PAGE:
Legal Obstacles For Indiana's Temporary Employees

As the economy continues its slow recovery from the Great Recession, employers in Indiana and around the nation are relying more heavily than usual on temporary workers. While business is gradually improving for many employers, some are not yet willing to commit to taking on new full-time employees, choosing to rely on contractors and temps instead.

With the 2012 winter holidays fast approaching, Indiana's temporary and seasonal workforce is likely to grow even larger to accommodate the annual retail boom. And, in some industries, the trend is expected to continue for the foreseeable future. Between 2006 and 2016, temporary staffing is expected to increase by 29.4 percent in the janitorial industry and 21.8 percent in the shipping and receiving industry, according to a study by the Labor Relations and Research Center at the University of Massachusetts-Amherst.

While temporary employment can help boost the economy and provide a source of income for employees who might otherwise be out of work, it can also lead to legal problems when employment disputes arise.

A recent example of the potential pitfalls of temporary employment occurred in early 2012 when a group of Indianapolis hotel workers filed a lawsuit against the staffing agency they worked for and 10 hotels that contracted with the agency. The workers claimed that the agency failed to pay them for all of the hours they worked, and also alleged that a contract between the hotels and the staffing agency prevented the workers from being able to find work outside the agency. In July, Indianapolis Mayor Greg Ballard vetoed a proposed ordinance known as "Freedom to Work" that would have prevented hotels from entering such agreements with staffing agencies in the future.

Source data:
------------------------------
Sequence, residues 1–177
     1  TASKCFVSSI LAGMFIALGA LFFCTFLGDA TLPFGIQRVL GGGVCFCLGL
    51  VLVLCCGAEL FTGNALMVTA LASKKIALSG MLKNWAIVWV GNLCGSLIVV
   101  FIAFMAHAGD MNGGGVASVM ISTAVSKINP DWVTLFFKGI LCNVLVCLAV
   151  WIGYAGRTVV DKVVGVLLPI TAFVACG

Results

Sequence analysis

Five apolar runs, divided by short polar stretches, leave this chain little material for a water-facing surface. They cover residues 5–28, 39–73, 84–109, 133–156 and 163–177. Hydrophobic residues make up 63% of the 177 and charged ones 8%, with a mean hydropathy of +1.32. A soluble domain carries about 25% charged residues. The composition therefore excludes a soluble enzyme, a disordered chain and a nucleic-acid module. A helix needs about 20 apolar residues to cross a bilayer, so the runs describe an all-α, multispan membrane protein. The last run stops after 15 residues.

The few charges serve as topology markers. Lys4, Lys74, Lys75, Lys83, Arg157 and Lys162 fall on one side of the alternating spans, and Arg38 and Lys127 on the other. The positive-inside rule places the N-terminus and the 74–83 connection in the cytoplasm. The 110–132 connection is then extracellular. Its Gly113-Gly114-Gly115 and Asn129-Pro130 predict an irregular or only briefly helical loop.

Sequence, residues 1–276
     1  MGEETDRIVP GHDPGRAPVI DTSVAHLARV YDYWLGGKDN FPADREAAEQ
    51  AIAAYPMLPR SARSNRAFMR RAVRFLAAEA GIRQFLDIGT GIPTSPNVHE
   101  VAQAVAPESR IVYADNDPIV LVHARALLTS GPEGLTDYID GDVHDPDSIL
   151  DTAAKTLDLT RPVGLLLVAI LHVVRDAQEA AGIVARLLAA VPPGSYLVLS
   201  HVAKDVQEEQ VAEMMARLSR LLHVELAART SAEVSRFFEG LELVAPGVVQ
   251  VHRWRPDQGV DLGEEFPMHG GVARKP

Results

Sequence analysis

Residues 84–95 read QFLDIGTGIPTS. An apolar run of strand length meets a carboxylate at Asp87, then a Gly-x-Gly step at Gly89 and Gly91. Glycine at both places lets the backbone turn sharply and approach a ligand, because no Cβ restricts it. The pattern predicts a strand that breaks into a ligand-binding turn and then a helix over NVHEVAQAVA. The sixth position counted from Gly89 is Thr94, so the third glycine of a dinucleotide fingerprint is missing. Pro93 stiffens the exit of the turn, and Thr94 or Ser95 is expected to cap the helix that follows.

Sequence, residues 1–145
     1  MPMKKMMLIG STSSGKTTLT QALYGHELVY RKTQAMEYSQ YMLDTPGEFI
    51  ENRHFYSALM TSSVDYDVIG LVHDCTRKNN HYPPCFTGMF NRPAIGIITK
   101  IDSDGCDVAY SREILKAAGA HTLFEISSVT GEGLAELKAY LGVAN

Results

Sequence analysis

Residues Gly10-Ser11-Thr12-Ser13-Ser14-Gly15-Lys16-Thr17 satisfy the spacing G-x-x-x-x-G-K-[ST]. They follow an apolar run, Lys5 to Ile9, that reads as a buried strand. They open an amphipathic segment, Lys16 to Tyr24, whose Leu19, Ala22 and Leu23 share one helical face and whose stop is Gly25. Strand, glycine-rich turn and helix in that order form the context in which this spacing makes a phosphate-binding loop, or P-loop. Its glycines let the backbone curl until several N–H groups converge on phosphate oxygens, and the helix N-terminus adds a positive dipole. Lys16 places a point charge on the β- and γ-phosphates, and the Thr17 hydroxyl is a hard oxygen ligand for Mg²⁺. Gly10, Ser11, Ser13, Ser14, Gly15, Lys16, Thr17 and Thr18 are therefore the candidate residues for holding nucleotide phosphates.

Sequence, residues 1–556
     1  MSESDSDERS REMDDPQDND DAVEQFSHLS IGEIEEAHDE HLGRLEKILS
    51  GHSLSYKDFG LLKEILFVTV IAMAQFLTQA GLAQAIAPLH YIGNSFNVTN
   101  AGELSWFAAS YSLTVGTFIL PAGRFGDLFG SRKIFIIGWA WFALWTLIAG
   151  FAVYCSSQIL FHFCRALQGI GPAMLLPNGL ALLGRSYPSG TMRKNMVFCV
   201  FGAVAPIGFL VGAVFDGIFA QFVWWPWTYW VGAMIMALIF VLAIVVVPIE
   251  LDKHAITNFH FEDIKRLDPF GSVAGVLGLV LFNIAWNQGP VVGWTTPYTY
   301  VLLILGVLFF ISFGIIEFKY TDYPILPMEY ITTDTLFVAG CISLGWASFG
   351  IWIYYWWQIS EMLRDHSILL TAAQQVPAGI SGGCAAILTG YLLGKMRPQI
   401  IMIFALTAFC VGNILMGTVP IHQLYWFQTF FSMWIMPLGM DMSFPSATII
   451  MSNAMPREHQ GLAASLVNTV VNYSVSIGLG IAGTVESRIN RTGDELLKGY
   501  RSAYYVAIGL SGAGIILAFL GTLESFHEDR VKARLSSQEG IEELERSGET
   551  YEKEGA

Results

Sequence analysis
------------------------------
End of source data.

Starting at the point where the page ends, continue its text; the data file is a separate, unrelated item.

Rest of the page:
Wage And Hour Violations Increase When Jobs Are Scarce

Wage and hour violations are among the most common causes of employment disputes among temporary and permanent workers alike. In a tough job market like today's, wage and hour violations tend to increase because employers often try to cut costs by demanding more from a smaller workforce, sometimes failing to pay workers all that they are entitled to.

Unfortunately, many workers who are denied fair payment for their work are reluctant to stand up for their rights because they fear they may be fired or face other negative employment consequences. Although there are laws designed to protect workers from retaliation in these situations, many remain silent until after they have lost their jobs, at which point they may feel they have nothing left to fear. Indiana workers dealing with wage and hour violations or other employment disputes should speak with an experienced employment lawyer to learn about their rights and legal options.